tive set is developed. Firstly all the sequences are clus-
tered simply and the first sequence of each cluster is the
temporary representative sequence of the cluster. Then
the maximum independent set of each cluster (excluding
the representative sequence) is figured out. Finally the
maximum independent set of each cluster is processed
and the final maximal independent set can be generated.
Based on the algorithm above, FastCluster was written
in C++ and tested on Linux platform. The input to the
program is a protein sequence set in FASTA format.
Three output files can be generated by FastCluster. One
is a FASTA file containing a list of representative pro-
teins free from redundancy. Another output file lists the
clusters and their members and the third output file con-
tains clusters and the size of each cluster’s maximal in-
dependent set. FastCluster can be downloaded from
2.3. Blast-Based Similarity Score (BSS)
FastCluster uses BLAST to make pair wise sequence
alignments. The similarity score between two sequences
is determined by the identical percentage of their hits
(homologous sequence segments). When a sequence
alignment has more than one hit, the percentage of the
sum of all hits’ identical is calculated to represent the
overall similarity score between the two sequences.
A Python script was used to parse BLAST output and
construct a BLAST-BASED SIMILARITY SCORE (BSS)
matrix. An expectation value parameter 1e-3 is set to
filter BLAST output in which the expectation value of
each hit is smaller than 1e-3. When calculating BSS,
three cases have to be considered: 1) there are no hits
found; 2) there is one hit found; 3) there are more than
one hit found. Formula 1 below shows how to calculate
Formula 1: The formula to calculate BSS. ‘I’ is short
for the length of a hit’s identities, and ‘L’ stands for the
length of a hit’s length. In case of no hits found, the BSS
is regarded as 0. When there is one hit in the BLAST
output, the identical percentage is taken as the BSS. On
the occasion of more than one hit found, the percentage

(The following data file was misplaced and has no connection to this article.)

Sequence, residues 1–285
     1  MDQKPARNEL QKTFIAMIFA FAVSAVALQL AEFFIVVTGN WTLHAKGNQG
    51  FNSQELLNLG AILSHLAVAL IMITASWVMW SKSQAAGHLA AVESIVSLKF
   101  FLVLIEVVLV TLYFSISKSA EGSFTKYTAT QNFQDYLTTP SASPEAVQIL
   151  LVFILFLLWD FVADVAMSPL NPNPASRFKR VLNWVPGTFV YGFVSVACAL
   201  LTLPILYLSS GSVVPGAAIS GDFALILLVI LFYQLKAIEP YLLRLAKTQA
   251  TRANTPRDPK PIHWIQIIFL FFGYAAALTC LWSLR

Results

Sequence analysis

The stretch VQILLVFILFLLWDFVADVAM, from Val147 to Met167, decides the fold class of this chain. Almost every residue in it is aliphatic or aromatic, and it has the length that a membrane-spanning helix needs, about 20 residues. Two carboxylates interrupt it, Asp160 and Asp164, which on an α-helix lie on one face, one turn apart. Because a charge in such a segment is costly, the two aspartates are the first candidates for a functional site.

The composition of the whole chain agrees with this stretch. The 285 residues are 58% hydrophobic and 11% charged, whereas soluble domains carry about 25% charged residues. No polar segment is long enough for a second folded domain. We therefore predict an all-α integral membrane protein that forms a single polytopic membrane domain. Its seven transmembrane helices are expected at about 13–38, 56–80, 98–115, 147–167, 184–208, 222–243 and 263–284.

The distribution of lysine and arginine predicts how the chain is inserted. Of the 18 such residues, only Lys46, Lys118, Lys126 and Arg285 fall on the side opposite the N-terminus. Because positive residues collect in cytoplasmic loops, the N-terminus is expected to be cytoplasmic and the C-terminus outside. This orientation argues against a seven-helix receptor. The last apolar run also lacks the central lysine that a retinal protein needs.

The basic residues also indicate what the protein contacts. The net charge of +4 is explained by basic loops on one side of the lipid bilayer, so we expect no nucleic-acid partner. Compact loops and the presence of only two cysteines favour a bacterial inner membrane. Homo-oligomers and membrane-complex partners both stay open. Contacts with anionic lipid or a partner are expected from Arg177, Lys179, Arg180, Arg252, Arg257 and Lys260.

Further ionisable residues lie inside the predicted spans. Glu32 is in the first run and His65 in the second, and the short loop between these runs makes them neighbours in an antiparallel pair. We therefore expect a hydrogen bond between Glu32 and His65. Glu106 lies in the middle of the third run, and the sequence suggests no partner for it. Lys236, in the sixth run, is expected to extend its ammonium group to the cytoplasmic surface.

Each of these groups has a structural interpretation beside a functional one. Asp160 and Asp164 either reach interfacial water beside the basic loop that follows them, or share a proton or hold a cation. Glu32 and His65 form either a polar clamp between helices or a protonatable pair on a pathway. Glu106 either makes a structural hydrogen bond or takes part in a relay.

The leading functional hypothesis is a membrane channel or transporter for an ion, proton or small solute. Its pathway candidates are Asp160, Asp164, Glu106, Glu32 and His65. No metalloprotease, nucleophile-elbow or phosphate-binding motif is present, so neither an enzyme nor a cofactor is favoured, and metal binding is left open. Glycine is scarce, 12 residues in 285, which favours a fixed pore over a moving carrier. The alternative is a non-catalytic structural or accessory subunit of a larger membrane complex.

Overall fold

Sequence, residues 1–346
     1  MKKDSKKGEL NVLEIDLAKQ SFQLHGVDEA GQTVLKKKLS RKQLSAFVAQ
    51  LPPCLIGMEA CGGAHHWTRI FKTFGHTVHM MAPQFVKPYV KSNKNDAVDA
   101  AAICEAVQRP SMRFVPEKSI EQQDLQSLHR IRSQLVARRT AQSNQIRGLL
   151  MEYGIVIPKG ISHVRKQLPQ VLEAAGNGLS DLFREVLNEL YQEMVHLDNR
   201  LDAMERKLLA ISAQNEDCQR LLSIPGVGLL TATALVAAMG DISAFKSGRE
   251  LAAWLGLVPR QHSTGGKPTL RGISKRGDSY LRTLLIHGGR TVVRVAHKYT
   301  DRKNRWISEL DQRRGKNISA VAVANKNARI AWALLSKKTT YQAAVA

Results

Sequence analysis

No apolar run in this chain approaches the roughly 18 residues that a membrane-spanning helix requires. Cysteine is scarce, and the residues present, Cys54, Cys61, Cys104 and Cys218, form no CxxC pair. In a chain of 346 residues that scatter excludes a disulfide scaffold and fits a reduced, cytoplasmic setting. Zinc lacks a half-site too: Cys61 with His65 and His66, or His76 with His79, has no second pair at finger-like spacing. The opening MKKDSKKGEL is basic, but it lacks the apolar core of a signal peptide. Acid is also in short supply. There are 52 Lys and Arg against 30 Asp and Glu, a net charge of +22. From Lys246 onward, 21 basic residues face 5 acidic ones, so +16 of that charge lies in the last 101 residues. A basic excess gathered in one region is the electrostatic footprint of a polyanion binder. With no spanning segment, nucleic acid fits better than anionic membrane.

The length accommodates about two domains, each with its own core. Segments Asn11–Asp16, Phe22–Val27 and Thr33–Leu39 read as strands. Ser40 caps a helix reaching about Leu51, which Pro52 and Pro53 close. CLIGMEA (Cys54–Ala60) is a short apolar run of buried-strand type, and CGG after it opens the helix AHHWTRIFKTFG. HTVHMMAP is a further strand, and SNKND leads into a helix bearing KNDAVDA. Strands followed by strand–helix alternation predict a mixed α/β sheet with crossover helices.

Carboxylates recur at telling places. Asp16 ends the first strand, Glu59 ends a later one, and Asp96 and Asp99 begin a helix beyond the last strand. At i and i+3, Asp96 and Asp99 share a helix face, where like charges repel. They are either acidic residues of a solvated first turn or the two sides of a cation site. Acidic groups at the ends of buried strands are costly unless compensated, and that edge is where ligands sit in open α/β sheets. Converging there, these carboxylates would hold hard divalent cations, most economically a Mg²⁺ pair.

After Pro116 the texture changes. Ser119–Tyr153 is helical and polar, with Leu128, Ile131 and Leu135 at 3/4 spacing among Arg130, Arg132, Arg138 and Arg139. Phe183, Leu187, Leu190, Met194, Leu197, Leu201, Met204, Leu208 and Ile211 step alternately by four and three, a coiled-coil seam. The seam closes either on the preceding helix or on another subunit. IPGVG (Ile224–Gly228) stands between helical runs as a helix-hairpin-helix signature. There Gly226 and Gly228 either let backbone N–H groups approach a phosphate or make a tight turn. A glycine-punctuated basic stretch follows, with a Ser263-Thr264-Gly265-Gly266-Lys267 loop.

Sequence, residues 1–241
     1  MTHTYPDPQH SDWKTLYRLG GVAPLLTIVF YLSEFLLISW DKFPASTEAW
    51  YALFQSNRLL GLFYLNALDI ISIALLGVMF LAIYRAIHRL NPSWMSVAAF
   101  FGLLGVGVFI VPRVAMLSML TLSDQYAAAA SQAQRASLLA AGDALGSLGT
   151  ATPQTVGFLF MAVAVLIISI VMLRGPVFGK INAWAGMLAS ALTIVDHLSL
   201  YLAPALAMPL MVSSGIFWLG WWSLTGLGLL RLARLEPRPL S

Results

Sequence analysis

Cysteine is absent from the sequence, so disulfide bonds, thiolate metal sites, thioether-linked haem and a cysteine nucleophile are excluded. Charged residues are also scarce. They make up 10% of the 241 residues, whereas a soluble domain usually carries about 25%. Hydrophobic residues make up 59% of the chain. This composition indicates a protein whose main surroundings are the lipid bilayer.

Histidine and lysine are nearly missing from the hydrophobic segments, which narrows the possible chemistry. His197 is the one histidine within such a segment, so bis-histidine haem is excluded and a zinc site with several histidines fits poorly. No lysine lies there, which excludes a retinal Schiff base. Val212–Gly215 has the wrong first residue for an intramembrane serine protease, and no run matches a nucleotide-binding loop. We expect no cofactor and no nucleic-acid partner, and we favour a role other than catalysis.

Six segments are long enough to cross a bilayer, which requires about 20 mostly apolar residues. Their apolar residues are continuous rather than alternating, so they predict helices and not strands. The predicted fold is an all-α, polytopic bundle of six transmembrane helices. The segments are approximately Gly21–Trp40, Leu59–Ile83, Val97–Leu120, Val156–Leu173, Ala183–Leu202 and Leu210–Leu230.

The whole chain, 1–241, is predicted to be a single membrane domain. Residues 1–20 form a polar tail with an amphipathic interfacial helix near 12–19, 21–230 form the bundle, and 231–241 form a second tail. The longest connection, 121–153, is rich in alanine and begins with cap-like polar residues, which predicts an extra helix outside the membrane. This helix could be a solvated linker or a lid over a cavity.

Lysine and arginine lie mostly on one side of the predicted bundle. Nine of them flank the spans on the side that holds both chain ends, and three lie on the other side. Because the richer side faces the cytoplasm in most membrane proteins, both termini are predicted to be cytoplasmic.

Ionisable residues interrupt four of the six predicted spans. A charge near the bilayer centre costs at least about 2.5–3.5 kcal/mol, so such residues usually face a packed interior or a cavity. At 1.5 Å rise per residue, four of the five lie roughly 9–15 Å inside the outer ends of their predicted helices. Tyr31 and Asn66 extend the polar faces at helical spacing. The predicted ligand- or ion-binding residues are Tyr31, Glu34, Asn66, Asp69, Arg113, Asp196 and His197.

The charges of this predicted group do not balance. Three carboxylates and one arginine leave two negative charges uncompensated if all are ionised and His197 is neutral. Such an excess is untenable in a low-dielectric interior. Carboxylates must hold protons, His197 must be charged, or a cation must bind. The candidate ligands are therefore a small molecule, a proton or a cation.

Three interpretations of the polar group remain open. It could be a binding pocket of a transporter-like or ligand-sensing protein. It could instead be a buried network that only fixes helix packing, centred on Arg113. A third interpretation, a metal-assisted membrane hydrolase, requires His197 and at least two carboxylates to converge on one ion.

of the sum of all hits’ identities is taken as the BSS.
Figure 1 shows an example of how to calculate the
BSS from BLAST output.
2.4. Graph Definition
A graph is a mathematical object which is composed of
vertices and edges. It is usually used to represent rela-
tions between objects. Graphs can be categorized into
four types: undirected graphs (or simple graphs), di-
rected graphs, multigraphs and weighted graphs. Fast-
Cluster uses an undirected graph to represent relations
between protein sequences.
2.5. Clique and Independent Set of a Graph
An undirected graph is denoted by ),( EVG
, in which
V is the set of vertices and
are the set of edges and
every edge is composed of two adjacent vertices in V.
P. F. Liu et al. / J. Biomedical Science and Engineering 2 (2009) 621-625 623
SciRes Copyright © 2009 JBiSE
Figure 1. An example of parsing BLAST output. Three cases are considered: (1) Case
1, the BSS is 0; (2) Case 2, the BSS is 94/102=0.922; (3) Case 3, the BSS is (35+20)/
In FastCluster, an undirected graph is defined as follows:
any vertex represents a protein sequence; and if two
protein sequences have a BSS above the given threshold,
there is an edge between them.
A clique Cof a graph G is a subset of V, and every
vertex in C is adjacent to all the other vertices in C,
while an independent set of a graph is a set of vertices,